I guess I can’t rip on the movie since I haven’t seen it yet. But based on the track record of Bond over the past two decades, I think I can take a wild guess that it ain’t nothing I ain’t seen before. And probably done better in the recent Bourne flicks.

The Passion of Ayn Rand

July 10, 2008

The Passion of Ayn Rand [1999] TwoStars
Starring: Helen Mirren, Eric Stoltz, Julie Delpy, Peter Fonda
Dir. Christopher Menaul


I was thirteen years old when I read “Atlas Shrugged”. It was an adult book and I thought I was all that because I understood it. It was the same year I read “Catch 22”. I remember trying to read “Jaws” when I was eight and not getting it. But now at thirteen it was all coming together. You know that weird transition when you begin to “understand” the adult world? I was intrigued with “Shrugged” but not because of its politics. Even at thirteen, I new Rand’s philosophy was bullshit. In fact she dedicates an entire chapter to her social political ideals and I could only get through a few pages before I skipped the entire chapter, the chapter when her ideal man, John Galt, spits out Rand’s philosophy.

Anyway, it was the sexual exploits of her heroine, Dagny Taggart, that I found intriguing. Not only was Taggart (Rand) searching for the ideal man, she also seemed to be searching for the ultimate fuck. Rand is obsessed with the genius of men that can build big things like skyscrapers and railroads and rockets and shit. I mean, how fucking Freudian can you get? Although I’m offended by her philosophy, her journey as an artist is interesting. She seemed to do the same shit her male contemporaries did when it came to her art. She would do just about anything to get the art accomplished. She came up with a philosophy that rationalized her eccentric behavior in order to get what she wanted, which was to get laid and to do her art. That’s the real philosophy of Rand. “How do I get some cock?” and “How do I finish my book?” What she understood is that she could not accomplish one without having the other.


“The Passion of Ayn Rand” is based on a book by one of Rand’s disciples, Barbara Branden. Rand is played here by the remarkable Helen Mirren, and as usual her performance is spot on. Barbara (Julie Delpy) and Nathaniel (Eric Stoltz) are two young admirers of Rand’s who take a journey to meet their idol. They’re surprised when Rand takes them under her wing. Eventually Rand and Nathaniel, twenty-five years her junior , begin to have an affair, but it’s not a secret one. In fact Rand and Nathanial ask for their respective spouses permission to fuck each other, three times a week. Both Barbara and Frank O’Connor (Peter Fonda) agree to the bullshit scenario. According to Rand’s philosophy, this fuck-fest was all based on logic. Nathaniel is her intellectual equal, therefore it was only logical that she should allow him to throw a hump into her a few times a week, without Barbara or Frank getting all bent out of shape about it. Get it? Eventually Rand has major falling out with her disciples, when she discovers (at 60 years old) that Nathaniel (at 35) isn’t attracted to her anymore and has met a younger woman. Somehow Nathaniel not wanting to have sex with a sixty-plus year old hag didn’t seem logical to her.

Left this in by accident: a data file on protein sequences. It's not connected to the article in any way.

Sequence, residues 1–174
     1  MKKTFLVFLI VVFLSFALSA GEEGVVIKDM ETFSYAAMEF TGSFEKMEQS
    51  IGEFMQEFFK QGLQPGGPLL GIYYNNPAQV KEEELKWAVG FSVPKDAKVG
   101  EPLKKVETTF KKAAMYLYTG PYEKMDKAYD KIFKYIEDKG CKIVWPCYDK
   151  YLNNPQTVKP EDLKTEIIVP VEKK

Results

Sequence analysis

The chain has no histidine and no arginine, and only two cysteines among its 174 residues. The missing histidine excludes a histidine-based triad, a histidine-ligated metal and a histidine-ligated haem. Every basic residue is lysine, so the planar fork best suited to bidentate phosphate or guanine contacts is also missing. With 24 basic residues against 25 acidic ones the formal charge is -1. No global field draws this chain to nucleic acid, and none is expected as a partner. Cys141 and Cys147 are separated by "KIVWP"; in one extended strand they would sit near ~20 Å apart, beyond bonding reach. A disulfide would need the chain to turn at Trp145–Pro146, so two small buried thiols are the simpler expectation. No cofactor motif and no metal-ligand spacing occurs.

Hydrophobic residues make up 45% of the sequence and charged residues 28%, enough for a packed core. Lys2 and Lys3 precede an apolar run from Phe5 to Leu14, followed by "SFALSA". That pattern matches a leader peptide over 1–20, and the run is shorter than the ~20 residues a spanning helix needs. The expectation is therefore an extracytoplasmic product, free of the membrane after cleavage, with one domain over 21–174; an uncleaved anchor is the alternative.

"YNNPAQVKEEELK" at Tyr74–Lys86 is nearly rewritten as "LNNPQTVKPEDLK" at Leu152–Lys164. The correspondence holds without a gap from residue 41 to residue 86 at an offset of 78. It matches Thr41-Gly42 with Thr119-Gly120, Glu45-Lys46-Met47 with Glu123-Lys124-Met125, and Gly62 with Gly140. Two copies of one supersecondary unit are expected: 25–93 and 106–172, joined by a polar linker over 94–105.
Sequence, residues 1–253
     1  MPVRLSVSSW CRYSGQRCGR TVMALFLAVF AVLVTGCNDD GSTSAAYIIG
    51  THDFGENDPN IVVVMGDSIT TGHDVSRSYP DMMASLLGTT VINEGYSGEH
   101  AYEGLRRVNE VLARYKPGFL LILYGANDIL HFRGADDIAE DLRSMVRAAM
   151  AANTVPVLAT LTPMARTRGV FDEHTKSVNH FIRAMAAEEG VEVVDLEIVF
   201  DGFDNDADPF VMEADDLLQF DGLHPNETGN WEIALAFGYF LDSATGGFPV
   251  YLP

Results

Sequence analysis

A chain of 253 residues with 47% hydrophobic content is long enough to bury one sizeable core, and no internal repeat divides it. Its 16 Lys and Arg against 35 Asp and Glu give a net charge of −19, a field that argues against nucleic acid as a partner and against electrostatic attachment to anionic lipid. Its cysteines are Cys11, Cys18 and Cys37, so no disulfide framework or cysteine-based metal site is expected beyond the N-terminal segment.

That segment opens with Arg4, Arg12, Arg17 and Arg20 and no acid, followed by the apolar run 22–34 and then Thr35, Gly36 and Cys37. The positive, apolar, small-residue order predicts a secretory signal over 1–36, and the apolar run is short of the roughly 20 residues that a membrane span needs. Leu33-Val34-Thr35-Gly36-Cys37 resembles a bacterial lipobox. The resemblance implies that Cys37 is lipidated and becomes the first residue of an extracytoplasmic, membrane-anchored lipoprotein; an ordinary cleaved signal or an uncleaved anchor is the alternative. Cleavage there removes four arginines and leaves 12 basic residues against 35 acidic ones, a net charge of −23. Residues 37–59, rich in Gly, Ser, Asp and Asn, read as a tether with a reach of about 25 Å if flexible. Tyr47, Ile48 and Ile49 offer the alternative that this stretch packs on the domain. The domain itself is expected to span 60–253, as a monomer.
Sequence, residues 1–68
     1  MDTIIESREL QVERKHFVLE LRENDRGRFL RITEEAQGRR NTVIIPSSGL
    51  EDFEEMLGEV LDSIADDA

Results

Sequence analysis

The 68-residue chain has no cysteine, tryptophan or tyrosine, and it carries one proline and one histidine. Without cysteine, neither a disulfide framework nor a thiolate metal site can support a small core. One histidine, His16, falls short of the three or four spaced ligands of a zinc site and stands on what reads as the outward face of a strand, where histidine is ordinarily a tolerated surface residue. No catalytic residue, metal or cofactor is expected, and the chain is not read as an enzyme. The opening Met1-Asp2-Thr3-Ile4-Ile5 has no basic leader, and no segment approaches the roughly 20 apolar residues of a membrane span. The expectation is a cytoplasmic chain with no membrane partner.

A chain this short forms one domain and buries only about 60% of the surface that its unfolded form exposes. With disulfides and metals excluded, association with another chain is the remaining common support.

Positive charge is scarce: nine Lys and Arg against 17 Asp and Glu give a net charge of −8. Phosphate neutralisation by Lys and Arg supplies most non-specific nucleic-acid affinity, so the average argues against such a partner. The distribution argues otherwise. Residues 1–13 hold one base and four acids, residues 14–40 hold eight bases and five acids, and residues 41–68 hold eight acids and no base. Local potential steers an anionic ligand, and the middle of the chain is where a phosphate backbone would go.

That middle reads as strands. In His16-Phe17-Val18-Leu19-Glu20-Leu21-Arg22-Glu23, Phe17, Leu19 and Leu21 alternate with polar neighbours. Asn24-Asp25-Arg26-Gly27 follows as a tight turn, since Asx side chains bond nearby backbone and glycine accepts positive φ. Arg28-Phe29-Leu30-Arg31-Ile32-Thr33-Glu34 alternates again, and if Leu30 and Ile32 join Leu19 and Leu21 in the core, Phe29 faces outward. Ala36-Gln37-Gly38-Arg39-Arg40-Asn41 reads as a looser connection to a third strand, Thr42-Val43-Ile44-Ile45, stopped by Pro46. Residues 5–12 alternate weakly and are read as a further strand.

“The Passion of Ayn Rand” suffers from the same affliction most bio-pics suffer from, and that is, if the viewer doesn’t already know much about the central character, they won’t come out learning much about them in the end, or have any frame of reference on why certain transitions are happening or why they should care about them. But the performances are good, and the main theme of Rand’s artistic travails, the use of sex as an artistic aphrodisiac, and the hypocrisy of her “logic” is captured well. Rand was not an attractive woman, which makes her sexual prowess even that more amazing. She used her superior intellect to convince dudes like Nathanial and Frank to cough up the goods. In other words, Rand was a pimp. A true pimp controls a ho with the mind, not the fists.

Ciao! Manhattan

June 4, 2008

Ciao! Manhattan [1972]
Dir. John Palmer and David Weisman
Starring: Edie Sedgwick, Wesley Hayes, Paul America


This is a weird one. I know technically Ciao! Manhattan isn’t a good movie, so I can’t recommend it. BUT. I like the movie. The story is a mess, as the filmmakers started the film in ’67 but had to abandon it after its star, Edie Sedgwick, disappeared off the face of the earth while filming. Once they tracked her down, three years have passed. They can’t pick up filming where they left off because the whole cast is scattered across America. So they start a new narrative, one that mirrors Sedgwick’s own journey, and mix it with the old footage from ‘67, turning Ciao! Manhattan into a semi-documentary/biography of the last years of Sedgwick’s life.